[Re: We should replace Fed monetary superheroes with rules-based policy, yesterday]
IT IS painfully evident that the agreement reached over Syria’s chemical weapons by Washington and Moscow in Geneva is so much less than meets the eye. The accord imposes unbelievably quick deadlines for Bashar al-Assad’s regime to meet.
WHAT makes a popular policy that can capture the public imagination? Policy, like politics, is best when it provides a noble purpose. A fight against injustice. A sense of direction. Ideas brutally simple to understand.
LARRY Summers is out of the race to succeed Ben Bernanke as Fed chair. After months of debate, with politicians and media picking over Summers’s personality and background, the spotlight has returned to Janet Yellen, deputy Fed chairwoman.
House price bubble
THE ASTONISHING rise of firms like Twitter (founded just seven years ago, yet now expected to float for $10bn), is often seen as a grand romantic narrative – an exciting story, difficult to predict.
WHEN people talk about the “City”, they often do so solely in terms of its banks – and financial services.
ECONOMISTS should be humbled by Friedrich Hayek’s famous plea: “The curious task of economics is to demonstrate to men how little they really know about what they imagine they can design.” If only government and central banks – and those who lobby
US FEDERAL Reserve watchers have taken a break from trying to figure out when the Fed will cut off its bond-buying programme to speculate about who will succeed chairman Ben Bernanke when his second term finishes at the end of January 2014.
SHADES of grey are fashionable – and not just because of those kinky books.
[Re: The unlawful EU financial transaction tax should rightfully be abandoned, yesterday]
TWO NOTABLE failures – US Secretary of State John Kerry and Russia – have dramatically transformed the Syria crisis in recent days.
YOU DON’T often hear people praising lawyers. But this week, many across Europe will be singing from their hymn sheet, following a leaked opinion by the Legal Service of the Council of the EU (CLS).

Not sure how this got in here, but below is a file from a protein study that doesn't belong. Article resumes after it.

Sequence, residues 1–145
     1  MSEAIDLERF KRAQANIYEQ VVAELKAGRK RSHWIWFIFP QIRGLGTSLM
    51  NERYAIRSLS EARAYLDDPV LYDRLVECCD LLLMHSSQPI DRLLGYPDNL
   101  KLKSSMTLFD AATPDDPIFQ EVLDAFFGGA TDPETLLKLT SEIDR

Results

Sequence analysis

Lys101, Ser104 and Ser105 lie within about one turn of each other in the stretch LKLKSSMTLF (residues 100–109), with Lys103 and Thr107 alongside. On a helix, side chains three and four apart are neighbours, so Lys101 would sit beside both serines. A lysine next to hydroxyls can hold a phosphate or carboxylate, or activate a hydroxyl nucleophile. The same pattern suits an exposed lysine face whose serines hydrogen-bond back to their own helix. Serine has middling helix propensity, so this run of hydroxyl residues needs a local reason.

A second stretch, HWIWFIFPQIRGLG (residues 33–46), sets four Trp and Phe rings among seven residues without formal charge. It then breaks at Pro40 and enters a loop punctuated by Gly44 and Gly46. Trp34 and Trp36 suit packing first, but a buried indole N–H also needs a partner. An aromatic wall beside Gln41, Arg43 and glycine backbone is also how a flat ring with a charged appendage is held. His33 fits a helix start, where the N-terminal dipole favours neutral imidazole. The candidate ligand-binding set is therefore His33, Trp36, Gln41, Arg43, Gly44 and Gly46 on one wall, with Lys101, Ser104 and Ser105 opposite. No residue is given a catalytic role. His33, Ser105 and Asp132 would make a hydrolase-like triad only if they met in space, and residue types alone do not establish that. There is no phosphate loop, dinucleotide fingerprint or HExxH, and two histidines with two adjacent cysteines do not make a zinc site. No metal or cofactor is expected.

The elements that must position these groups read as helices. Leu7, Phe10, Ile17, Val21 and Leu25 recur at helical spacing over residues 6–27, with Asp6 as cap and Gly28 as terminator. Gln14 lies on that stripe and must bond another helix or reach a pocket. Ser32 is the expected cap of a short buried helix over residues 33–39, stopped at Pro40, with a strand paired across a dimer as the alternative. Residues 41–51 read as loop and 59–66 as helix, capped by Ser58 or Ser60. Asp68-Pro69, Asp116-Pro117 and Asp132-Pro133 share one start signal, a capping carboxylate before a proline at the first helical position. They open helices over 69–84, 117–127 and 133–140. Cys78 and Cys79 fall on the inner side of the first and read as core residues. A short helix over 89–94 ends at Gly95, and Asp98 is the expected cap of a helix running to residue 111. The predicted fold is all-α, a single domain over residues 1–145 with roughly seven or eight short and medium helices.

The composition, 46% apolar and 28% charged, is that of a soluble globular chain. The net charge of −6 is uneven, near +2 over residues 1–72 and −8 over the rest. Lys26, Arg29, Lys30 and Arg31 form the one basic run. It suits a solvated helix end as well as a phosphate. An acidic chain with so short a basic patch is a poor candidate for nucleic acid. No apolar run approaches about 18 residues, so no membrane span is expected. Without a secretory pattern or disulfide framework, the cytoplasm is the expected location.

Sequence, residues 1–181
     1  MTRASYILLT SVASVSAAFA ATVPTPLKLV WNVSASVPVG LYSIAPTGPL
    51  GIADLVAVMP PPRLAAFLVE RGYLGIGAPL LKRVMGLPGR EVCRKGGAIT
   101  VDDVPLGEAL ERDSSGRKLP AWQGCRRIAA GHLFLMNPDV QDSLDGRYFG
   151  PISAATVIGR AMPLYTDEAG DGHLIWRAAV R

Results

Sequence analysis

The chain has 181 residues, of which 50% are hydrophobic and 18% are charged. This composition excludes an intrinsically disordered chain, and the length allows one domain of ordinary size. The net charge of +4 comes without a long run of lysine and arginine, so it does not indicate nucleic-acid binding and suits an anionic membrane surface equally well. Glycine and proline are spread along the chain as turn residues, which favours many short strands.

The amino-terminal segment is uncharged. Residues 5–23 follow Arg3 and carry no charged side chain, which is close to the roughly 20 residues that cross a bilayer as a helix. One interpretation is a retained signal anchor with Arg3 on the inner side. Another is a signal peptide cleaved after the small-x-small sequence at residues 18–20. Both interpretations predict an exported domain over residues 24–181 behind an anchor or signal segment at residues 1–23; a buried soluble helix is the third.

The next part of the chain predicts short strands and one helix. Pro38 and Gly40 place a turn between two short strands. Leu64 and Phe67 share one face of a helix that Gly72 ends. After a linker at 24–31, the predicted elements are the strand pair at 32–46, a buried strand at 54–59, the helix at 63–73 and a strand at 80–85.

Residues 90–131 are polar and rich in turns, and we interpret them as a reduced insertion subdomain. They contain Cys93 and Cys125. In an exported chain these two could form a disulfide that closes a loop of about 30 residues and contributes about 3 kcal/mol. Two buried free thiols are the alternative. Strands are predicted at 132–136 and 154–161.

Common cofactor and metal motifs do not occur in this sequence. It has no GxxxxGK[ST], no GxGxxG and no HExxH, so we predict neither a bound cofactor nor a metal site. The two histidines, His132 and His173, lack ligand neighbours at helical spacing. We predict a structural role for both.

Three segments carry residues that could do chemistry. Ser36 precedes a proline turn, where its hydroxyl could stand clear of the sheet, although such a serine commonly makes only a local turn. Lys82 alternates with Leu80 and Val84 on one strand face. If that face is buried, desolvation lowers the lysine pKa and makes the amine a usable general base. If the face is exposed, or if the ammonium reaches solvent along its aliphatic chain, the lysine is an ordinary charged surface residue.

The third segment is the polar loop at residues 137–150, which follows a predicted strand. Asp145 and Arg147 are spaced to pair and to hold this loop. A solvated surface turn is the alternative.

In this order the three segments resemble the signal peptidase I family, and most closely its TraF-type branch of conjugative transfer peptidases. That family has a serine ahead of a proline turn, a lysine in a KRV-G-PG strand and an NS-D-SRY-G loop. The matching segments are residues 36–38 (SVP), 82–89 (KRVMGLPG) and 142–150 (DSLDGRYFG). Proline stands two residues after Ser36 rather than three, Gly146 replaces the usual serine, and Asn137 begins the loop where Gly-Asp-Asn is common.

THE WORLD is looking to Germany, as its 22 September elections fast approach. The question on everyone’s lips is whether the next German government – the principle paymaster of Europe – will commit to a decisive deepening of the Eurozone.
Tesco in the US
[Re: What Tesco’s US debacle tells us about the wisdom of markets, yesterday]
FIVE years ago, nearly every macroeconomist agreed that central banks determined aggregate demand (total spending in the economy), and that fiscal stimulus was therefore unnecessary to lift depressed economies.
THE CONCEPT of the “rent seeker” is one of the most valuable in the whole of economics.
FIVE years after the collapse of Lehman Brothers, and the fallout from the financial crisis is far from over.
GEORGE Osborne yesterday presented his analysis of why the UK economy has turned the corner in recent months, arguing this demonstrated advocates of a “Plan B” had been proved wrong by events.
HOLLYWOOD producer Samuel Goldwyn once opined that “only a fool would make predictions – especially about the future.” It’s a wise view, but of little use to policymakers tackling big questions of the future.
THE NEW TSB bank was finally launched yesterday. The spin-off of 631 branches and 4.6m customers from Lloyds means that the UK now has the first new major competitor to the existing banks since the start of the financial crisis.
FOR A mode of transport that first arrived in the nineteenth century, railways have been remarkably resilient.
THE STORY of the “Walkie-Scorchie” has taken the world by storm – following City A.M.’s revelation last week that a Jaguar had “melted” in the heat on Eastcheap.
THE STORY is familiar. Figures from Halifax show that house prices rose by 5.4 per cent in the year to August 2013 – the highest rate since June 2010.
BRITISH Airways has just been exposed to the future of corporate communications. When one disgruntled passenger decided to complain about the quality of BA’s customer service, he ignored the traditional route of an angry call or email.
BRITAIN has lost a giant. Ronald Coase, the brilliant economist who shone new light on how and why companies form, died this week at the age of 102.
THE ECONOMIST Michael Woodford created quite a stir at the annual monetary conference at Jackson Hole in the US just over a year ago.
[Re: Wonga defends reputation as profits rocket, yesterday]
I REMEMBER the exact moment I knew I was a dinosaur. I was included in high-level meetings, aimed at assembling a coalition to buttress George W. Bush’s effort to remove Saddam Hussein.
DEVELOPMENTS in Artificial Intelligence (AI) will be among the most exciting advances of this century.
UNEMPLOYMENT and underemployment in the UK are still far too high. But given the circumstances, the UK’s labour market is in a far better shape than we might have expected.
Merkel and the EU
[Re: Merkel must find a bold new vision or Europe will continue towards disaster, yesterday]
FEW politicians are now prepared to stand up for their beliefs – if indeed they have any. Ideologies and courage have been consigned to the past.
AUTUMN is fast approaching, and the focus of the nation’s sporting interest is switching.
THE screams of rage, as the statists realise they’re not going to get any money from the sale of Vodafone’s stake in Verizon Wireless, have become deafening.